Sunday, April 30, 2017

RTK13: Fame and Strategy Expansion Pack Bundle (PS4)

This seventy dollar bundle is a nightmare for a simpleton gamer like myself to comprehend, but more than likely a blessing for those of you who are into, and fully understand historical strategy simulators. Supposing you are the latter type of gamer you'll be pleasantly surprised to find that Koei Tecmo's team spared absolutely no expense in regards to the presentation that coincides with the periodic happenings of the continued, 'Romancing of the Three Kingdoms" saga, and that with the accompanying DLC expansion the features are even more bountiful than they were initially. There's plenty of CG cutscenes to enjoy, modes of play to play through, and a new Fame system to benefit your favorite officers. Officers like the infamous Lu Bu who are included in all their glory and grandeur via their Dynasty Warriors, and Samurai Warriors likeness. Not only do you get all of that, but you can also create detailed events which you can then upload, and share with others across the globe. Events which can be as creative, and fan fictiony as you wish. As far as the core game goes your engagements will take you from the 'Yellow Turban Rebellion" forward through a hundred plus year span of political, and diplomatic turmoil in which you'll ultimately be tasked with micro-managing your given resources, your officer underlings, and the civilian populous under your guard.

Thursday, April 20, 2017

Hakuoki: Kyoto Winds (PS VITA)

When I first began playing "Hakuoki: Kyoto Winds" something seemed oddly familiar about it. I knew I had seen the plot, and the characters before somewhere. It's at that time of recollection that I realized I had actually reviewed Aksys Games' version of the same game on the PS3 several years back. In comparison to that version of the game this version of the Hakuoki story seems to be more streamlined in delivery, but actually half of the game that "Hakuoki: Stories of the Shinsengumi" was. In fact the press release for 'Kyoto Winds' states that this is the first half of a two part tale. Why IFI chose to divide it up is beyond me, but I suppose memory space does have something to do with it. Regardless of that, this trip down memory lane, and the realization that I'm once again playing through the same game I still found intact the admiration I found the first time around. In my first review I had actually discussed how the game was geared more towards a feminine crowd, and how it was a nice change for those less inclined to buy the more gender specific types of games. Yes, back in the day I was spouting nonsense about gender bias in the gaming industry. Perhaps I'm the one who got that ball of dung rolling (I hope not though) ... For those of you who missed out on that oldschool Inferno nugget feel free to read up on it here (Hakuoki: Stories of the Shinsengumi) as it will mostly mirror what I've got to say about IFI's rendition of Hakuoki ...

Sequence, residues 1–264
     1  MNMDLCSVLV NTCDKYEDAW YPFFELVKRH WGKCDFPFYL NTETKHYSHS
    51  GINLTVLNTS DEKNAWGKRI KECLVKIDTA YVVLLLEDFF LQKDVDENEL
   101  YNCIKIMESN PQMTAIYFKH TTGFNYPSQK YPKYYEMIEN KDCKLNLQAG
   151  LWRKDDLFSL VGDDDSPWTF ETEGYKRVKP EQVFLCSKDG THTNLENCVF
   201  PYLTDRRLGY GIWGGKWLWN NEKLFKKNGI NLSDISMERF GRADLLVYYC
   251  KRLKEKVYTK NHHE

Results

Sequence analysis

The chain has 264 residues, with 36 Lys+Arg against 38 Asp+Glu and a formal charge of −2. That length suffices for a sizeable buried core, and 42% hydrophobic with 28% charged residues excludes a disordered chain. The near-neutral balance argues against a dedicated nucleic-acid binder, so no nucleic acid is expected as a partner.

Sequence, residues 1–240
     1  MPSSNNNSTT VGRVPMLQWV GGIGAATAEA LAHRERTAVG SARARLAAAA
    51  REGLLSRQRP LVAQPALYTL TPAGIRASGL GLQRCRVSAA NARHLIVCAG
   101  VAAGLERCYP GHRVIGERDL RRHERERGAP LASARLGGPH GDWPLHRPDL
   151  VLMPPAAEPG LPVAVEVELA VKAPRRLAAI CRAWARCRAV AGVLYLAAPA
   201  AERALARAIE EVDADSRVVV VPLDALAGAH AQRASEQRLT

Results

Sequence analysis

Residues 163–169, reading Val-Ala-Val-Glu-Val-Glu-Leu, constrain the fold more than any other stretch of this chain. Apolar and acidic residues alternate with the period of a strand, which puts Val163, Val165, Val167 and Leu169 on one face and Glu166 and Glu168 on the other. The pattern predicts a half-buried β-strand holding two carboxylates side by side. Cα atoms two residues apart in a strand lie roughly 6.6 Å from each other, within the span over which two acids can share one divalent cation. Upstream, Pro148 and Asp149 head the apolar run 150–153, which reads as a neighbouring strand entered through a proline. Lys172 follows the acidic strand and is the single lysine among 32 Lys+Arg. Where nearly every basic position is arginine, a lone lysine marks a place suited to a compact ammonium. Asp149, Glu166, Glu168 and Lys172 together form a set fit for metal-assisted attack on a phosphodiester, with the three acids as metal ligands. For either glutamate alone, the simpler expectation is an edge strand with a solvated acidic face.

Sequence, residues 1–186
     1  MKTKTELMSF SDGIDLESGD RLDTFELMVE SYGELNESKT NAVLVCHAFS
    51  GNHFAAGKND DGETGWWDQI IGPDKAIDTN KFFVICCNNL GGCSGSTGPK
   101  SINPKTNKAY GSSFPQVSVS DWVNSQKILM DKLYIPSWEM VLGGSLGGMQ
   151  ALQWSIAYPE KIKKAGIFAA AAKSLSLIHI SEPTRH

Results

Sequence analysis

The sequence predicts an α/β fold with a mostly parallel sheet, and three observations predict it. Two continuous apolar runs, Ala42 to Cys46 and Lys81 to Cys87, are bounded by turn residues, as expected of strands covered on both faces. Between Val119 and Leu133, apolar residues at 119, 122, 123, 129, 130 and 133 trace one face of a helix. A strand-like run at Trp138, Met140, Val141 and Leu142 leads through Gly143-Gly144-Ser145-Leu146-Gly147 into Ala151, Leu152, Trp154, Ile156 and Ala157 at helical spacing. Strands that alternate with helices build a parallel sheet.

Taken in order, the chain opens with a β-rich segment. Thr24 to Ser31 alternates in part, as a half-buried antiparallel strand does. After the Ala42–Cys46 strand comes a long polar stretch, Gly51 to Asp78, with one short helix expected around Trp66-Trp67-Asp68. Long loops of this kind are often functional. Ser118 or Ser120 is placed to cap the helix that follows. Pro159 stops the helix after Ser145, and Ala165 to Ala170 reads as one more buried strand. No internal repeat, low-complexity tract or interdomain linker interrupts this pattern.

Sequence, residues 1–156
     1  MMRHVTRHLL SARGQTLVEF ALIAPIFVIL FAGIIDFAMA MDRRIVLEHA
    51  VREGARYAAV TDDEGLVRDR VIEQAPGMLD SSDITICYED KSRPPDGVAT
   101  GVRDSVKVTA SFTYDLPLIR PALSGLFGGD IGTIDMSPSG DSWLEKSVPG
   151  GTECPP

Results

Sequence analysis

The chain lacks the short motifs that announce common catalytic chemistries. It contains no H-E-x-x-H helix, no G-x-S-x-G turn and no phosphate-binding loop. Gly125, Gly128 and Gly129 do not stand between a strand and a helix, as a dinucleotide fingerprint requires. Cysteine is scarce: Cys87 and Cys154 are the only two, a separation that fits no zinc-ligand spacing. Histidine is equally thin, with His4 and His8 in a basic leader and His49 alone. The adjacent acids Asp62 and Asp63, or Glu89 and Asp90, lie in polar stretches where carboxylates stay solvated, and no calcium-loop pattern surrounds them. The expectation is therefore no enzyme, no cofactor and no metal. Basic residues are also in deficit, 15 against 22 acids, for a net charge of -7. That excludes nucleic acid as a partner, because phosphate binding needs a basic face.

Thursday, April 13, 2017

The Silver Case (PS4)

I, as a gamer have never played any of the games related to 'The Silver Case'. Nor had I played 'The Silver Case' until I got my review copy. Oddly enough though I did unknowingly purchase, for a couple of dollars at the local Gamestop, the third game in the trilogy known as "Flower, Sun, and Rain" for the Nintendo DS a few years back. In fact I paid only $2.69 for it with my discount. It currently sits atop my desk beside my keyboard as I'm typing up this review. A possible photo sharing opportunity being weighed as I continue to type ...

Past the realization that 'The Silver Case" wasn't the standalone game that I thought it was I found myself drawn closely into the narrative that was being spun. A case by case, and individualized series of personal accounts of those involved in a string of incidents involving the reemergence of a serial killer known as Kamui. The story begins thick, and heavy handed with you (a nameless recruit) in the company of the 24th Ward Heinous Crime Unit, within the 24th Ward. You start off on the pursuit of a runaway murderer who has hunkered down in the nearby Cauliflower building. The cat, and mouse chase that follows introduces you to the initially frustrating, and slightly interactive hunt that lets you loose to discover what it is that needs to be done without much in the way of tutorials. The game seems unusually self-aware in this early stage of storytelling at how difficult it's going to be for a new player to understand the ropes of being on the assigned task force (aka the gameplay), and basically says so through the chief inspector's first few displayed texts. Thus is Case #0 in a nutshell.

Sunday, April 9, 2017

A Rose in the Twilight (PS VITA)